A donation from the Vitamix Culinary School program brought $5,000 worth of blenders to the student-run kitchen.
“It’s a partnership. You have to tell the Vitamix folks about your program. How many are you moving on into the industry? How many are you moving into postsecondary programs?” culinary arts teacher Richmond Flowers said.
The donation of three pieces of blending equipment has allowed the program to expand its breakfast options.
“We’ve already had multiple uses,” Flowers said. “The biggest thing we do with Vitamix blenders is fruit smoothies.”
Flowers said he found out about the opportunity through the American Culinary Federation.
“We were talking about doing smoothies before but we just didn’t have the equipment,” senior Susanna Austin said. “It has given us a lot more business, a lot more money (for the program).”
Senior Brandon Hicks said the students have been able to offer a variety of smoothies including banana, strawberry-banana, pineapple-banana, etc.
An apple pie smoothie is also in the works. He said what flavors are offered each day is decided by the student running the station.
While Austin hasn’t used the equipment much for making smoothies, she has used the new equipment when making desserts for the school’s bakery.
The department also recently completed installation of a new walk-in refrigerator and freezer.
Flowers said we “basically tripled our capacity” by removing interior walls and creating an open space. This allowed the installation of a larger refrigerator and the setup of a spice rack and pantry area.
“With all the functions that we do during school and after school ... our capacity was just — we were at the max,” Flowers said.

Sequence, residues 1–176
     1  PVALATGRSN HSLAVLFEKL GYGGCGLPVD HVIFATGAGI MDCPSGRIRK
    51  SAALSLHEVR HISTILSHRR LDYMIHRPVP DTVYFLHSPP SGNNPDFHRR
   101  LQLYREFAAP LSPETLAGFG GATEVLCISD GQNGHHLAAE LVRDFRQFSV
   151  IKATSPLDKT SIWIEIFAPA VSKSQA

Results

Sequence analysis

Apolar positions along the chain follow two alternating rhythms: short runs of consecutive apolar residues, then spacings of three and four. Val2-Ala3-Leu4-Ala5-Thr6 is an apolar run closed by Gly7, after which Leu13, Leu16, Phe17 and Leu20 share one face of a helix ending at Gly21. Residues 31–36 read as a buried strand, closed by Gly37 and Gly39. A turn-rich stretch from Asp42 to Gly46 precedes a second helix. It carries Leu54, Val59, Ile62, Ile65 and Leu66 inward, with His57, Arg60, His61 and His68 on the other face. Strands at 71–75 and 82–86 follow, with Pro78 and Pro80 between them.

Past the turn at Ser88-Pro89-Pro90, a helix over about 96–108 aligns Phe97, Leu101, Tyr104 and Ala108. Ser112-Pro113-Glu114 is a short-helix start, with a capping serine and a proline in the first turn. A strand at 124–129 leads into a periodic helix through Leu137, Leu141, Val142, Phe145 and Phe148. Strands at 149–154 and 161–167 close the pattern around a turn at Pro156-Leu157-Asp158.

The refrigerator is larger than what the department previously had and makes catering operations more efficient, he said.
“I really like it and it does help us a lot because before ... it was hard for us when we did catering,” Austin said.
She said before the expansion the students could not do as much preparation work ahead of time because they could not easily store the trays of prepped food.
“I think it is going to help us a lot with business because we can properly store more food,” Austin said.
She said the improvements in the kitchen are giving students a better feel for working in a professional kitchen.
“For one thing, we can store our food properly,” Flowers said. “If you ever looked into our cooler (walk-in) before on a big day for catering we would have food stacked up from the floor to the ceiling. We’ve extended our cooler by 11 feet.”
The new cooler is also more energy efficient. Flowers said the cooler that was replaced was installed in 1972. He said the renovation was funded through capital outlay money.
Hicks said the changes were a little overwhelming at first, because many things were in different places.
“I’m loving the cooler, everything that’s going on in the back, our new spice rack,” Hicks said.
He said the new system is working well.
Both seniors plan to continue their culinary education at the college level. Austin has been accepted to Sullivan University. Hicks said he has applied to a few programs, but has not heard back yet.
“I’ve actually debated between one or two things and I came to the conclusion that culinary is the one thing I want to do for the rest of my life,” Hicks said.
The project began when classes ended for Christmas.
Students were using the new cooler a week after they came back. However, organizing everything and putting the finishing touches in place took a lot longer. The students also run a restaurant every Thursday. There are five courses offered in the culinary department. There are currently 135 students in the culinary program.